RDoC in action: Examining the role of dopamine on cognitive control performance across multiple units of analysis

Genevieve P. Nowicki, B.S.

McLean Hospital
RDoC in action: Examining the role of dopamine on cognitive control performance across multiple units of analysis

Scientific Abstract


Background: The Research Domain Criteria (RDoC) was launched to encourage transdiagnostic research in psychiatry using multiple units of analysis. Research has implicated dopamine (DA) in cognitive control, which is impaired across disorders. Here, a DA modulator, modafinil (MOD) or methylphenidate (MPH), was administered and relationships among self-report, behavioral, and event-related potential (ERP) indices of cognitive control were examined.

Methods: One of two DA transporter inhibitors, MOD or MPH, was given to healthy participants at three doses: placebo, low, and high (MOD: N=26; MPH: N=13). After each dose, participants completed a modified Eriksen Flanker task probing the error-related negativity (ERN), an ERP index of cognitive control. Additionally, the Gratton Effect – a behavioral effect characterized by faster and more accurate responses to incongruent trials following an incongruent trial – and eye blink rate (EBR), which index cognitive control and DA activity, respectively, were measured. Self-reported executive function (EF) was assessed with the Behavior Rating Inventory of Executive Function (BRIEF) and Attentional Control Scale (ACS) before medication was administered.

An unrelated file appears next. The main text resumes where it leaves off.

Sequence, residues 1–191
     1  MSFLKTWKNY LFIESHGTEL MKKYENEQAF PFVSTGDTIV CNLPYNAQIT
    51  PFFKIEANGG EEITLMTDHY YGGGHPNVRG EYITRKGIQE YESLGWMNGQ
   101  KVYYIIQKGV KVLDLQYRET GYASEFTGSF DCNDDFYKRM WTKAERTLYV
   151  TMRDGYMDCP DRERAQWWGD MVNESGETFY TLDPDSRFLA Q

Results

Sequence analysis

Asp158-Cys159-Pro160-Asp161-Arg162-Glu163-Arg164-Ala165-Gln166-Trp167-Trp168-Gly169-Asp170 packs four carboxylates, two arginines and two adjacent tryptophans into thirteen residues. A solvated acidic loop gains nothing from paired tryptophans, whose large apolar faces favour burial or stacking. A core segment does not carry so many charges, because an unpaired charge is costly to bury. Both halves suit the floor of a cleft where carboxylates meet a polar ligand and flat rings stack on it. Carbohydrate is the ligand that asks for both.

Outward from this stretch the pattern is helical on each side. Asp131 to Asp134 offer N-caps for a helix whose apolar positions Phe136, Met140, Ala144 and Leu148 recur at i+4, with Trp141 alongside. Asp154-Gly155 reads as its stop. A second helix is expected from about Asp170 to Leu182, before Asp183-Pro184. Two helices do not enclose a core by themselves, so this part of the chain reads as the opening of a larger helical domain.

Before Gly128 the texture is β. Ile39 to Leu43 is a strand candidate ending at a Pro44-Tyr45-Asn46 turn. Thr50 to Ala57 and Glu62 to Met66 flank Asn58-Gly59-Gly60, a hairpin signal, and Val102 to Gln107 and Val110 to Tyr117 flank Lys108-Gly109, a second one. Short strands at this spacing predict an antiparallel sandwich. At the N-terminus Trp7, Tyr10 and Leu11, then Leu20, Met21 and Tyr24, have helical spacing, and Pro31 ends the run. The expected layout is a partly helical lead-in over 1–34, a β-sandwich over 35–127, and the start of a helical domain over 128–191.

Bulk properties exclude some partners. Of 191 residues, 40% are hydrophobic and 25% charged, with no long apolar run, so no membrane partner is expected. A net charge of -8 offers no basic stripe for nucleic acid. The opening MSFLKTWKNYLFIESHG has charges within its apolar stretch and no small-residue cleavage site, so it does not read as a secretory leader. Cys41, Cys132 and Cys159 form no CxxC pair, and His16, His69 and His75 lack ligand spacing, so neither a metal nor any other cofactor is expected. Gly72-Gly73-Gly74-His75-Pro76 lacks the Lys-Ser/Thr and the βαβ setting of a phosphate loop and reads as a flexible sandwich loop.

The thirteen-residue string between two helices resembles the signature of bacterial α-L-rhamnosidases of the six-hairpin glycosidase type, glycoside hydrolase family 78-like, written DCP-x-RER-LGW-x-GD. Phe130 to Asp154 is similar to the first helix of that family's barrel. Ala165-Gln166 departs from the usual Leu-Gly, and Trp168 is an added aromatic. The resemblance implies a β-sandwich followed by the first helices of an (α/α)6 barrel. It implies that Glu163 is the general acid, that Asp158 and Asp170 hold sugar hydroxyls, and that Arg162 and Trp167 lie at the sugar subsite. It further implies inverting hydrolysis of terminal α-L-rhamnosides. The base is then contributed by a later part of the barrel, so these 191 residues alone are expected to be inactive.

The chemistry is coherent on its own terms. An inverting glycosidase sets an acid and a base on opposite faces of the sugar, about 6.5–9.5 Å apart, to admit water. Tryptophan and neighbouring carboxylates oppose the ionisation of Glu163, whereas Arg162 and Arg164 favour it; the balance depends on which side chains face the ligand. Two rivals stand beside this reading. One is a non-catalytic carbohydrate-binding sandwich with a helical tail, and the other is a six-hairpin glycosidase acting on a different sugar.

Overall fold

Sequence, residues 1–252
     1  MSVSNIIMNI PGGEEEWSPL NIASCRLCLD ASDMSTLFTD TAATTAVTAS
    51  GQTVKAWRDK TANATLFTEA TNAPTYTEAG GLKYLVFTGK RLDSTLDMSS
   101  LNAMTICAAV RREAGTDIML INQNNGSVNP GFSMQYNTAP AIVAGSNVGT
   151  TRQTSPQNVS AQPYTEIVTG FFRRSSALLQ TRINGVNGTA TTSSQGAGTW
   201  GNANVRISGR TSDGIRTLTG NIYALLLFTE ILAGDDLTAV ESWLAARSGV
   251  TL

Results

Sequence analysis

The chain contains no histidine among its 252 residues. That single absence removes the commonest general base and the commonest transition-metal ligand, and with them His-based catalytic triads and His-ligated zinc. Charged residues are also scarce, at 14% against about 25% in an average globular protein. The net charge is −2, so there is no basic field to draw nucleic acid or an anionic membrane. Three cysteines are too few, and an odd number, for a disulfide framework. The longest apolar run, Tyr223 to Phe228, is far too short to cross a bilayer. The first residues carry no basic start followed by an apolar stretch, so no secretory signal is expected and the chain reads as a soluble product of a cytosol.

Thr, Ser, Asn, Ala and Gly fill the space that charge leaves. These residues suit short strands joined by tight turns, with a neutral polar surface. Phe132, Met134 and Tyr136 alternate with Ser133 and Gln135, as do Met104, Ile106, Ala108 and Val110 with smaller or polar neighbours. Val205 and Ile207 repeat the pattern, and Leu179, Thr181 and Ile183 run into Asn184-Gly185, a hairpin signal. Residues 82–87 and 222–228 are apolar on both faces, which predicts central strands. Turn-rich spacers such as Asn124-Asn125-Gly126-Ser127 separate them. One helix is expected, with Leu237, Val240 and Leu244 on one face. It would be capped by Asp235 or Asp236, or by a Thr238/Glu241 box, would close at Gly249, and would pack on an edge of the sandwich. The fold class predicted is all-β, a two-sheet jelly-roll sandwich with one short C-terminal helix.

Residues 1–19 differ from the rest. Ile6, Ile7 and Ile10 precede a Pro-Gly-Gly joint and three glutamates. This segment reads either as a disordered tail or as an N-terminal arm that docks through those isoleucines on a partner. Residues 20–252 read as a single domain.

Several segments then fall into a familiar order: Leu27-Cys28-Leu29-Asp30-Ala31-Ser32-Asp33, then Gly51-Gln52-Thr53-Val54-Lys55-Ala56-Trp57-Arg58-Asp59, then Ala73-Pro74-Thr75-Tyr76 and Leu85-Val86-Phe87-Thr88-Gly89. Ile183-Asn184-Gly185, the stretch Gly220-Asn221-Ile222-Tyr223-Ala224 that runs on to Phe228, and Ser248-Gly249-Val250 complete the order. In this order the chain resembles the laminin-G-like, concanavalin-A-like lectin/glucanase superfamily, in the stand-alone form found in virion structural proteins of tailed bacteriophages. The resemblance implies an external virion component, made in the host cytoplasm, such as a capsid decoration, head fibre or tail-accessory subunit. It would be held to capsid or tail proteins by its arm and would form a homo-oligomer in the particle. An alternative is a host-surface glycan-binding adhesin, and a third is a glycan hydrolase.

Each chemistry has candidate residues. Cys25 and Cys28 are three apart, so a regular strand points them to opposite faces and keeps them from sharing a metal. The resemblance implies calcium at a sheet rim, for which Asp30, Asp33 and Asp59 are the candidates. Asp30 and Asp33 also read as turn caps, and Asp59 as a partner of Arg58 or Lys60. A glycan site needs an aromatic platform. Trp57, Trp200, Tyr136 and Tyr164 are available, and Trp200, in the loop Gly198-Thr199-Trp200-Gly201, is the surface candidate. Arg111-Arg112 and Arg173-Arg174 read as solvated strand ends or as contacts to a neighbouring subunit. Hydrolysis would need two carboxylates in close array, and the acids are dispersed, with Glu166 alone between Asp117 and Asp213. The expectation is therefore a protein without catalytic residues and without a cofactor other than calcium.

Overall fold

Results: Significant correlations were found following only certain doses of MOD. The Gratton effect on accuracy was correlated with EBR following high-dose MOD, r(24)=.47, p=.01, and with ERN amplitude following low-dose MOD, r(24)= -.41, p=.04. Data collection with MPH is ongoing, and we plan to use the MPH study as an independent replication sample. Specifically, we expect similar MPH dose-specific correlations to emerge. Higher self-reported trait EF is expected to correlate positively with EBR and the Gratton effect across doses.

Conclusion: If replicated with MPH, the existence of dose-dependent correlations between more adaptive behavioral adjustments, higher individual DA levels, and improved cognitive control suggests that DA may differentially moderate these variables. Moreover, this study examines different DA conditions that may influence correlations between self-reported trait EF and state behavioral and physiological indices of cognitive control.

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research Areas


Genevieve P. Nowicki, B.S., Hans S. Schroder, PhD, Steven J. Lamontagne, MSc, Rachel Lobien, B.A., Samantha R. Linton, PhD, Micah Breiger, B.S., Diego A. Pizzagalli, PhD

Principal Investigator

Diego A. Pizzagalli, PhD

Affiliated Website